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Monday, December 3, 2012

The Artist

As a young boy I lived with my family in Cuba, where my father was stationed. We lived in a village near the Guantanamo Bay Naval Base, and I played with the neighborhood kids or fished off the back deck of the house (when I wasn't in school).

I have a vivid memory of a street vendor, wheeling a rickety cart down the dirt streets each day selling oranges. To a young child's eyes, these oranges were huge (so sweet you had to smile while eating them), and the vendor would peel it for a buyer. He was full of fun, jokes, and laughter as he made his way down the dusty street, clearly enjoying life, his customers, and followers (us kids).

What I remember most was him peeling the orange – he had an old kitchen knife, sharpened so much that the cutting edge of the blade was curved like a replica of Guantanamo Bay – but sharp as all get-out!

He started at the top of the orange and create a single 'rope' of peel precisely a quarter of an inch by a quarter of an inch – it would cascade down in curlycues from the orange at almost blinding speed. Perfect every time. One long peel every time. A peel-rope with ¼ x ¼ dimensions every time.

We kids would follow him for a while, begging for the peel and playing with it until we only had a handful of pieces left...and then we'd beg for another one from the orange vendor.

As an adult, I look back to that experience fondly, realizing that I was seeing an artist at work. He chose to spend his time enjoying those around him and chose to create and meet the challenge of peeling the orange in a distinctive and incredibly difficult way – drawing satisfaction from his creation. I realize now that I was in the presence of a true master – an artist creating a unique experience for the buyer (or the kids following him around).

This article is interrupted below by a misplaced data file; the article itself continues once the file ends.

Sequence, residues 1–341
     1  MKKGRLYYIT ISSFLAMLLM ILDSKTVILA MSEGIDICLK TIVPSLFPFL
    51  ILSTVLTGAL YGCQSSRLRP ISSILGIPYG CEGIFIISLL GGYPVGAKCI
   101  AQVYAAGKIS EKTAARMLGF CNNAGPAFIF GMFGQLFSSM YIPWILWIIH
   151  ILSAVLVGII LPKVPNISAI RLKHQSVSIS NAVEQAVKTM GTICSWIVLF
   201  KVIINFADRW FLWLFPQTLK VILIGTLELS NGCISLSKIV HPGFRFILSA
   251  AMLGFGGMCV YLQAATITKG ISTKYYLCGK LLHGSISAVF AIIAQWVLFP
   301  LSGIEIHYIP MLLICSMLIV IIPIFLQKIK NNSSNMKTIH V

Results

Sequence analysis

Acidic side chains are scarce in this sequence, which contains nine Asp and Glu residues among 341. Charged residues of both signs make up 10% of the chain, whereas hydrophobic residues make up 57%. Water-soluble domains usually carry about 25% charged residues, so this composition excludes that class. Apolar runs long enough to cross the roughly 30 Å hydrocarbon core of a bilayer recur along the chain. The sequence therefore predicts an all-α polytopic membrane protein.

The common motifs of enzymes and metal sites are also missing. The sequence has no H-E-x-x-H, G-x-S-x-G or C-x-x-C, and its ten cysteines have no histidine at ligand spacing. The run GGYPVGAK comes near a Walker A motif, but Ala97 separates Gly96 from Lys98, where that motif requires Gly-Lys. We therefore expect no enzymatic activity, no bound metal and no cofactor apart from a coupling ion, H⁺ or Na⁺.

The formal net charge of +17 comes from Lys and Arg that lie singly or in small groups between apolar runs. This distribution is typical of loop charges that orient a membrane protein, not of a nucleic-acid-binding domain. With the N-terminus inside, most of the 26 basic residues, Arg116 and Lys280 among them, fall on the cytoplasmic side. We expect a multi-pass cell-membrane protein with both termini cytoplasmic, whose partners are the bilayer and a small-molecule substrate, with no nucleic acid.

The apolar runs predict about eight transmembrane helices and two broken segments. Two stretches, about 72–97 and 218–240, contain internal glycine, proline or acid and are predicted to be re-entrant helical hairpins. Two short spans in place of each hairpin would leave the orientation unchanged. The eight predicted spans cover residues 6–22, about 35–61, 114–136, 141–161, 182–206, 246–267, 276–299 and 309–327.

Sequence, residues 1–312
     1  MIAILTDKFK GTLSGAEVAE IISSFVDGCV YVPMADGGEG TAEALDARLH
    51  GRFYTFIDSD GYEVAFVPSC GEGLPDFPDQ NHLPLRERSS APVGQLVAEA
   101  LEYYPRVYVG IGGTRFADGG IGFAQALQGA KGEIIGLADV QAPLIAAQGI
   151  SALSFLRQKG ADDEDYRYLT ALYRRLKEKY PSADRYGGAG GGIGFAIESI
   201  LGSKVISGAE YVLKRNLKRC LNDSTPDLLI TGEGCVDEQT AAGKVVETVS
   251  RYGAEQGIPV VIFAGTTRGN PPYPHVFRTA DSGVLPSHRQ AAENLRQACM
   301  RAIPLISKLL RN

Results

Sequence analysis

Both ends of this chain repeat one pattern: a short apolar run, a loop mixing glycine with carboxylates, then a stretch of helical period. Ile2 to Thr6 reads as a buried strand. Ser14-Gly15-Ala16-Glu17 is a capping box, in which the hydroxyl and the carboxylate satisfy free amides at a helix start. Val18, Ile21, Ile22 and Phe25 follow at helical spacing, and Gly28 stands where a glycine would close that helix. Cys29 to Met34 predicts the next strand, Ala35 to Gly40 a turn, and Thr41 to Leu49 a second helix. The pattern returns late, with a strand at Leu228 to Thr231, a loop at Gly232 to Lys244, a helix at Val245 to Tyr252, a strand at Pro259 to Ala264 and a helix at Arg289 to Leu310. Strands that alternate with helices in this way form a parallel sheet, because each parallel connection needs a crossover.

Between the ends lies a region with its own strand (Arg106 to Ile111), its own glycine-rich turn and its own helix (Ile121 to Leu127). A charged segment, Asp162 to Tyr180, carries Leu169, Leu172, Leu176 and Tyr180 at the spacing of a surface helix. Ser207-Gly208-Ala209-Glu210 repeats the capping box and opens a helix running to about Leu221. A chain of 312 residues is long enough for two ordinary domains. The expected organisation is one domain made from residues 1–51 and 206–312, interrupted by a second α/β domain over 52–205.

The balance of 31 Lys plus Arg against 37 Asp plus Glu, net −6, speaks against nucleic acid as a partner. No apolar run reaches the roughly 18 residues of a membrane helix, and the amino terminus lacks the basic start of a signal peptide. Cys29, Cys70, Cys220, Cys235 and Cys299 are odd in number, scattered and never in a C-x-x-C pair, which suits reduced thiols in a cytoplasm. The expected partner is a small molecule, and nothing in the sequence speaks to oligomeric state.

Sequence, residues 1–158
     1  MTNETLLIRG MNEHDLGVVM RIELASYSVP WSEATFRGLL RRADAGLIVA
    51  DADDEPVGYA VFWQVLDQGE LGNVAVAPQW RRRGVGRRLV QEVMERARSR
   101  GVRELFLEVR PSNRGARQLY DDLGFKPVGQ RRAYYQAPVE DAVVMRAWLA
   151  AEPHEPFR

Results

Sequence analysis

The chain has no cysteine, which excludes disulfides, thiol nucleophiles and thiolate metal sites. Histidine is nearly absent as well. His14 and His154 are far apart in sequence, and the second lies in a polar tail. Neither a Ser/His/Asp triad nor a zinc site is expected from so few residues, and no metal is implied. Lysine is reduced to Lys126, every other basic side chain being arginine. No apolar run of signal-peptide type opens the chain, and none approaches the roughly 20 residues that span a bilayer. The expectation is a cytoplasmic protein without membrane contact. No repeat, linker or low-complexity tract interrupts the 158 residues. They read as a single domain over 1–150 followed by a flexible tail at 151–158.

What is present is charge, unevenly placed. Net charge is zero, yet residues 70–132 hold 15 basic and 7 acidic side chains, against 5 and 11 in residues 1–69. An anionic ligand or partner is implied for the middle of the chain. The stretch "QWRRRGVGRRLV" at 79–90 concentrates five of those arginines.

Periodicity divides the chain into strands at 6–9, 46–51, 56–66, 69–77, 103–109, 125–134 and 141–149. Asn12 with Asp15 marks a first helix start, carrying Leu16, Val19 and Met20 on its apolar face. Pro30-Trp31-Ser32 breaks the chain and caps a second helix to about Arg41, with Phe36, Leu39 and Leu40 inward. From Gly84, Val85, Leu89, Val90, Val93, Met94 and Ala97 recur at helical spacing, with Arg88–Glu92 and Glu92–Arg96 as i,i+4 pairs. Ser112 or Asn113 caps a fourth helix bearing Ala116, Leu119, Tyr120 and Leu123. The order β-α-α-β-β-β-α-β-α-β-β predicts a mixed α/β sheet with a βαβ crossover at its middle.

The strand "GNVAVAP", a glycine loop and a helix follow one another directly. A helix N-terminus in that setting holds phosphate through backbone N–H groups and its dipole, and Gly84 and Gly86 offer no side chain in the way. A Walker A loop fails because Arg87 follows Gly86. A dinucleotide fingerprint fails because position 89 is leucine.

Illustration of the orange vendor at work today – the 'bagger' at the Costco checkout who engineers a precisely packed cart.

I think about the expressed desire by many in business and public service to have the higher-ups create a challenging and rewarding role for them – and wonder if the manuals, regulations, and procedures we've put in place have extinguished the 'artist' in each of us? 
Please join us at the Capital Technology Management Hub on December 11 at 6:30 for 300 seconds of Rainmaker 17 – Breaking The Invisible Wall, What we learned at last month’s GMU Annual Startup Challenge Competition at TeqCorner, followed by Joshua Green explaining Cleantech OpenThe World’s Largest Cleantech Accelerator -Funding Green Technology Startups


Thoughthebrowser said...

I think you are on to something.

Manuals, training, and expectation come from the people who make the product, not the people who use the product.

Usually there is not much reason for a gifted user to share their best practices.

THAT would really be worth creating!

Unknown said...

Thank you for your comment, Dick.

The users may not take time to write out their best practices, but when they contact the company, would it take too much time to ask how they like the product and what's the best thing they've found in using it?

Collect and share the tips, correct the complaints, refine the next version of the product - and you've got a true winner on your hands.